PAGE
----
The challenge of packing wine in your checked luggage is making sure you don’t end up with 750 milliliters of Chianti on your clothes. Wine bottles can be delicate and luggage handlers generally don’t handle your luggage with the utmost care. Your luggage is likely to get tossed, jostled, and probably will end up shooting down onto the conveyor belt upside down and backwards.
As frequent travelers flying with wine, we’ve tried it all and have yet to arrive home with a broken bottle. When we’ve not planned in advance to bring wine home, wrapping one or two bottles up in something unimportant like pajamas, socks, and t-shirts does the trick. Just be sure to nestle your bottle into the middle of your suitcase and cushion it as best as possible. You might even want to add a little extra protection like placing it inside a plastic shopping bag or the plastic laundry bag from your hotel room just in case.
It’s really best to be prepared with wine sleeves for airplane travel, though. There’s many brands making these wine bottle travel protectors these days and it’s super easy to order them on Amazon. Many wineries often sell wine bottle bags in their shops too, but you’ll pay a higher price than if you just ordered them and brought them along with you on your trip. They’re flat and weigh next to nothing, so there’s no reason not to just pack them and save that extra money to spend on wine.
We particularly like the brand WineSkin. They’re basically bubble wrap wine bottle protectors that are a special leak-proof vinyl bag specially contoured to fit 750 mL bottles of wine. The have an adhesive seal and will keep your bottle safe and the rest of the contents of your suitcase dry just in case the bottle does break. WineSkins are sold in 2-packs, 4-packs or 6-packs and are often even available in wine shops if you haven’t ordered some in advance.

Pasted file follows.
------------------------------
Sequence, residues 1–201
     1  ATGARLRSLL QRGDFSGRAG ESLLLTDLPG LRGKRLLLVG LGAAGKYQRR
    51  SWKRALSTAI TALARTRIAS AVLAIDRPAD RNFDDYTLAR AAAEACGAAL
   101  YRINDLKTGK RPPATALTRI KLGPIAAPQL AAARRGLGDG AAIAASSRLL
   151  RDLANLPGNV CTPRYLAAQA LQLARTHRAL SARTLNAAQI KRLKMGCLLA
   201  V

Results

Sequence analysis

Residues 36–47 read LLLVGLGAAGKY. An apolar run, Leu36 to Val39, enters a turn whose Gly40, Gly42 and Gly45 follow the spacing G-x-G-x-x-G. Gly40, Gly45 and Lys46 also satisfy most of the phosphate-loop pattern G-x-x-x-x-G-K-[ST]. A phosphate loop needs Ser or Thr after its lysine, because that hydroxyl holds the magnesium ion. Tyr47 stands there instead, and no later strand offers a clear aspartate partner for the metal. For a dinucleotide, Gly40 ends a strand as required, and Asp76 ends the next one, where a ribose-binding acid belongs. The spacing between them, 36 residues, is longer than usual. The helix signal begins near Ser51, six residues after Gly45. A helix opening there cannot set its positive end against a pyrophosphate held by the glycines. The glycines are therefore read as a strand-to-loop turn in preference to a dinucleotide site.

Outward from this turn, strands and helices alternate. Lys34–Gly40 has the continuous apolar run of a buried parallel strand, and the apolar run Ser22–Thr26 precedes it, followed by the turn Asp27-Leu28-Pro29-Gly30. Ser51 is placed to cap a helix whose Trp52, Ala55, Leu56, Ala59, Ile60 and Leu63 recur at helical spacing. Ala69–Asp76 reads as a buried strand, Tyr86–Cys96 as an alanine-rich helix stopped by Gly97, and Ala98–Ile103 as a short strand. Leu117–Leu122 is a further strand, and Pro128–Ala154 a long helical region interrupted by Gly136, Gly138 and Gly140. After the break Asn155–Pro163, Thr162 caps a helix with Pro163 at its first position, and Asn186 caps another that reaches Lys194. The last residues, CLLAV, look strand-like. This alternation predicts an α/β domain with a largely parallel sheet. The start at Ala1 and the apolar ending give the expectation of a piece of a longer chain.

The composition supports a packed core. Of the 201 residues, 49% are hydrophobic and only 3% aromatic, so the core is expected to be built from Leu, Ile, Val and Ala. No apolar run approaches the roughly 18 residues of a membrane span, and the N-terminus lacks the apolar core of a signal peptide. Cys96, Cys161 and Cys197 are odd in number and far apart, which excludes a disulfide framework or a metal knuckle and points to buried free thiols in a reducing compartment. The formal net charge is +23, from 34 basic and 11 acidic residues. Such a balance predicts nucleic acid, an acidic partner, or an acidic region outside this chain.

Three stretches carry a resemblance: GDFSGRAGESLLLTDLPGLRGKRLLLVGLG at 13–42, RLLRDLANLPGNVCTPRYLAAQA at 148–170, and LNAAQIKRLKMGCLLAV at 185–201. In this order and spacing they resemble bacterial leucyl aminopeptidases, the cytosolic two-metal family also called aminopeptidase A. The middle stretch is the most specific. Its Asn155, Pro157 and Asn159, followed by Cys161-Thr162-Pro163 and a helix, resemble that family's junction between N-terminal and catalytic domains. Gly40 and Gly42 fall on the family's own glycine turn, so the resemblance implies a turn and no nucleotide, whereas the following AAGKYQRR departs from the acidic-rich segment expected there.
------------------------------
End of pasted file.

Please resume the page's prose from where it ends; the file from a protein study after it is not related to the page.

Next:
If you’re bringing back more than just a couple of bottles, consider purchasing a wine suitcase like the Vin Garde Valise Grande 04 Wine Travel Case. It’s a spinner hard shell suitcase with specially designed compartments to hold up to 12 wine bottles of any shape or 10 wine bottles and two champagne bottles. When fully packed with 12 bottles, it comes in weighing between 43-49 pounds and under the checked baggage weight limit of 50 pounds for most airlines. When you’re not using it for packing alcohol in luggage, it can be used as a regular suitcase.
Even with a specially configured suitcase for packing wine, alcohol and other bottles like balsamic vinegar, you might want to consider adding extra protection by securing the bottles in WineSkins.
Checking a Case of Wine as Luggage
Most airlines treat cardboard boxes just as they would a suitcase. It shouldn’t exceed the weight limit (typically 50 lbs for most airlines) and should clearly display your name on the outside of it.
Many wineries, particularly if they ship their wine, have packaging materials on hand and will either just package it all up for you at no extra charge or will only charge a small fee for the packaging materials. Wine cases for shipping have separators and bottle protectors that will help keep your wine safe during your flight home.
Marking the box fragile really won’t help. Most airline baggage handlers say that they rarely notice those stickers, so you want to make sure it’s all packaged up really well. Write all of your information on the outside of the box, including your flight number. Then simply show up at check-in, place it on the scale and pay any additional baggage fees since the case of wine presumably isn’t your only piece of checked luggage.
Some airlines will let you check a case of wine for free, like Alaska Airlines’ Wine Flies Free program. Alaska Airlines allows Alaska Mileage Plan members to check one case containing up to 12 bottles for free when departing from 29 airports in Washington, Oregon, Idaho and California wine regions. So be sure to ask about any airline loyalty perks either before you fly or once you arrive at the airline check-in counter.
If it all still seems like a hassle, inquire with the wine shop about shipping options. Many wine shops and wineries will ship wine direct all over the world. They’ll take care to package it all up properly and your wine will arrive at your home without the weight and hassle of having to get it there yourself.